I have some sympathy with that reaction. More generally, the proposition that it was unfair of an employer to decide, after a senior employee had already been absent for over twelve months and where there was no certainty as to when she would be able to return, that the time had come when the employment had to be terminated, seems to me to require very careful scrutiny. The argument “give me a little more time and I am sure I will recover” is easy to advance, but a time comes when an employer is entitled to some finality. That is all the more so where the employee had not been as co-operative as the employer had been entitled to expect about providing an up-to-date prognosis…and where the evidence relied on at the appeal hearing was only produced at the day of the hearing and was not entirely satisfactory.
After further consideration of the law and evidence he reached his conclusion:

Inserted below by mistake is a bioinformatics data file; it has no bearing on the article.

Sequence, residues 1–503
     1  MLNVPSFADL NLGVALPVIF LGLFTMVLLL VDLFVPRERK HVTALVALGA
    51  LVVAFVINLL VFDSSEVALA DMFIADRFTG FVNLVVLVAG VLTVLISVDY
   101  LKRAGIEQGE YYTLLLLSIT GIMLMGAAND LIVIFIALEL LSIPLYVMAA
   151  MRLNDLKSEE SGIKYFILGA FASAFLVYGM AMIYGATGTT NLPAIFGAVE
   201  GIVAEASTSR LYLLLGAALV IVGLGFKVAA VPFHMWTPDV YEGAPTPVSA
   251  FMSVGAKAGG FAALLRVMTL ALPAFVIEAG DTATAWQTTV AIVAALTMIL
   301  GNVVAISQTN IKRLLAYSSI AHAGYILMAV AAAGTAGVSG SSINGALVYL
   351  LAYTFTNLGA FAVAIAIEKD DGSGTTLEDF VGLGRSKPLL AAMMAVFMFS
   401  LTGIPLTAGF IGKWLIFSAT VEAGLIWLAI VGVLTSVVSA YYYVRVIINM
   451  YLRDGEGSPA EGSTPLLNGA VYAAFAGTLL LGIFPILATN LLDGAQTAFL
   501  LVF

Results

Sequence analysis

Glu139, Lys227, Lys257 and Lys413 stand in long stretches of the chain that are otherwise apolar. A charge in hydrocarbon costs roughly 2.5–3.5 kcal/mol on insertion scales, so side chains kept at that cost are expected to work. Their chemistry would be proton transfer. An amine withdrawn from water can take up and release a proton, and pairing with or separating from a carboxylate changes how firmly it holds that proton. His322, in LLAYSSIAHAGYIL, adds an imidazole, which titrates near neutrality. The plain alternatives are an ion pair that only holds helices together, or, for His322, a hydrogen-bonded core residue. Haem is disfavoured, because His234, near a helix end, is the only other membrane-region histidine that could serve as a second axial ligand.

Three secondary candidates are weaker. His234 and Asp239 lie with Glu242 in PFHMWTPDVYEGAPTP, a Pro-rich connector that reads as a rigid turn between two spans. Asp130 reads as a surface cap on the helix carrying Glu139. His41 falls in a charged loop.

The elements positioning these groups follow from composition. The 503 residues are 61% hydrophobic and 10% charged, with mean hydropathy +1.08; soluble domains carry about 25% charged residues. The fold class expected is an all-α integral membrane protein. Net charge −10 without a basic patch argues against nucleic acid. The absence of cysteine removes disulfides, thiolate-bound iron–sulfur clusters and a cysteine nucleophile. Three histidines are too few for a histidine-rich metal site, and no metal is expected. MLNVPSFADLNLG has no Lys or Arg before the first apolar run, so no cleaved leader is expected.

For the reasons given above I do not believe that there was any error of law in the decision of the Employment Tribunal, and I would allow the appeal. The case can fairly be regarded as near the borderline because of the length of the Appellant’s absence and the unsatisfactory nature of the evidence about when she might be fit to return. But the essential point is that by the time of the appeal hearing there was some evidence, albeit not wholly satisfactory, that she was now fit to return; and in my view it was open to the Tribunal to hold that it was disproportionate/unreasonable for the school to disregard that evidence without at least a further assessment by its own occupational health advisers.
Lord Justice Davis disagreed, noting the lack of co-operation on the part of Ms O’Brien and describing the medical evidence put forward at the appeal hearing as “demonstrably half-baked”. However, Master of the Rolls Sir Terence Etherington agreed with Underhill LJ so the appeal was successful and the matter was remitted to the tribunal for assessment of the award to be made.
Ultimately, the judgment endorses the need to rely on clear and unequivocal medical evidence. The potential catch 22 for employers is that the evidence required to support a medical incapacity dismissal will often also establish a protected disability. As always, the advice is to contact us before acting because early mistakes can prove to be very expensive.